Last edited by Analogue; 10-23-2010 at 09:33 PM. Reason: Clarification.
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Old 10-23-2010, 09:31 PM #2
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Default Re: Using Hoya R-72 IR transmission filter to measure IR from DPSS lasers [videos]

Analogue ---

A big +1 for you. I was hoping someone would take the time to show how the lenses need to be "calibrated" for absorbsion, reflection etc. I hope everyone reads this.
My IR absorbing lens reflects almost 15% of the green -- I measured the reflection!!!
This energy has to be accounted for in calculations.

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Old 10-23-2010, 10:15 PM #3
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Default Re: Using Hoya R-72 IR transmission filter to measure IR from DPSS lasers [videos]

Thank you Mike.

The only IR absorbing lens I have played with was from an old point-and-shoot digital I took apart-- and it had horrible green transmission-- I recall it transmitting something like 30% of green. (I originally toyed with the idea of using it on one of my TriAngle Lights labbies, but abandoned the idea when I saw how poorly it performed. Do you know what the green absorption is on your lens?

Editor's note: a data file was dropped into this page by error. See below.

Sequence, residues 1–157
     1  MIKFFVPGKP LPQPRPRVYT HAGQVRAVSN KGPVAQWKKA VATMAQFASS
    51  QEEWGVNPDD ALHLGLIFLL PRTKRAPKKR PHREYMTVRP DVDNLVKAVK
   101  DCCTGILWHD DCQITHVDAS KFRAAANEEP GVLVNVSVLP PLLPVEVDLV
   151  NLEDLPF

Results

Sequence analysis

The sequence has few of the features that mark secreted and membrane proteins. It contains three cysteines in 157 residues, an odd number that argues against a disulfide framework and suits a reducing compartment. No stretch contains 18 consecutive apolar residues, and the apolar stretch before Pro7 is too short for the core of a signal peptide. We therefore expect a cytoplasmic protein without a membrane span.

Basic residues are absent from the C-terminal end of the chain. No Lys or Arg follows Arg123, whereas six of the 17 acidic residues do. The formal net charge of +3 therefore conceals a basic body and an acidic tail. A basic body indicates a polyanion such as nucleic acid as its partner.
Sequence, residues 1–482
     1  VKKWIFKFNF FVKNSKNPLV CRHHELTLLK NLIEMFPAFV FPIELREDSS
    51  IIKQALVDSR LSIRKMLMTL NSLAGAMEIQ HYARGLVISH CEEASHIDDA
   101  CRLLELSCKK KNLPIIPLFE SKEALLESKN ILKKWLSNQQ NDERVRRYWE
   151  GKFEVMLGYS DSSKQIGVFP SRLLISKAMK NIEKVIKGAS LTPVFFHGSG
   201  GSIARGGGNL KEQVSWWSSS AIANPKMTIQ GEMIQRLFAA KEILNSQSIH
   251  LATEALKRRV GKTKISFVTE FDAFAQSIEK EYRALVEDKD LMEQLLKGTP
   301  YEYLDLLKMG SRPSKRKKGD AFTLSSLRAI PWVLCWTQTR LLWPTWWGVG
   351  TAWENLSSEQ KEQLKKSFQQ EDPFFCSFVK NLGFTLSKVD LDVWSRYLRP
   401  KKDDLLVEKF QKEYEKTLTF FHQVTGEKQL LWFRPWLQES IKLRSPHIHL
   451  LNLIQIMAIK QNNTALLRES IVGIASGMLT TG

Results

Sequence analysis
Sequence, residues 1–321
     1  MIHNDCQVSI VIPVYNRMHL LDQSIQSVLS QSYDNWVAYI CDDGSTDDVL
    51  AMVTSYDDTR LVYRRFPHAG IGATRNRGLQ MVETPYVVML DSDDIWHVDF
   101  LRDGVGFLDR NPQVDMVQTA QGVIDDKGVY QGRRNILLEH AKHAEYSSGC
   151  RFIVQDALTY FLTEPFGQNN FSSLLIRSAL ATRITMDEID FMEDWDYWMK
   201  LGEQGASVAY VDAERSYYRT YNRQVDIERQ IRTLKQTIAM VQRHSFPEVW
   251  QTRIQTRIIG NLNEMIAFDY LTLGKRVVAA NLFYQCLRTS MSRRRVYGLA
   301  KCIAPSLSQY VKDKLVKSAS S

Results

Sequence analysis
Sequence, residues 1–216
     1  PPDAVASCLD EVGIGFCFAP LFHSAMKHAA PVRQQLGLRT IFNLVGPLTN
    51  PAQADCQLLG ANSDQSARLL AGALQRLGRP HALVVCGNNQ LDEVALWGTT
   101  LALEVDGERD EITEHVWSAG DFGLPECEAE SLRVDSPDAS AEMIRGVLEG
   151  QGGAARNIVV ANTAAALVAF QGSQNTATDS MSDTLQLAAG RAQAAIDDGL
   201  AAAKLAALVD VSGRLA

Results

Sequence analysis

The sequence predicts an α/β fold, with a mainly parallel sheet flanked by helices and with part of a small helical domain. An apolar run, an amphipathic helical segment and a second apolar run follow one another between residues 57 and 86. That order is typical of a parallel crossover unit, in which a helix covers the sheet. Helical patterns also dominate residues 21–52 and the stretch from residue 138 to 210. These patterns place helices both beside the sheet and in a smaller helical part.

I'm actually in the market for a good deal on a high quality IR absorbing lens, but I haven't really started looking yet.
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Old 10-24-2010, 12:13 AM #4
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Default Re: Using Hoya R-72 IR transmission filter to measure IR from DPSS lasers [videos]

Analogue ---

I have a couple filters and forget now the correction factors. I have an 808 pen and other greens to pull back the corrections.
I recently saw a review where an IR filter dropped the green total power by a bunch and no comment was made about calibration. The bunch missing was attributed to IR only. Sad what the schools are producing now.

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Old 10-24-2010, 01:21 AM #5
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Default Re: Using Hoya R-72 IR transmission filter to measure IR from DPSS lasers [videos]

This is some interesting research! A bit of a reverse approach to measuring green vs IR output, with some interesting results. Personally i do IR measurements using two indentical IR blocking filters: the first to block the actual IR, and inserting the second one in the beam path to determine how much green is lost in these filters.

With these filters you'd have to measure how much IR they lose, but that could be very simple to set up. For the 808 light it would be as simple as inserting a 808 pump diode in a module and measuring its output with and without the filter in place.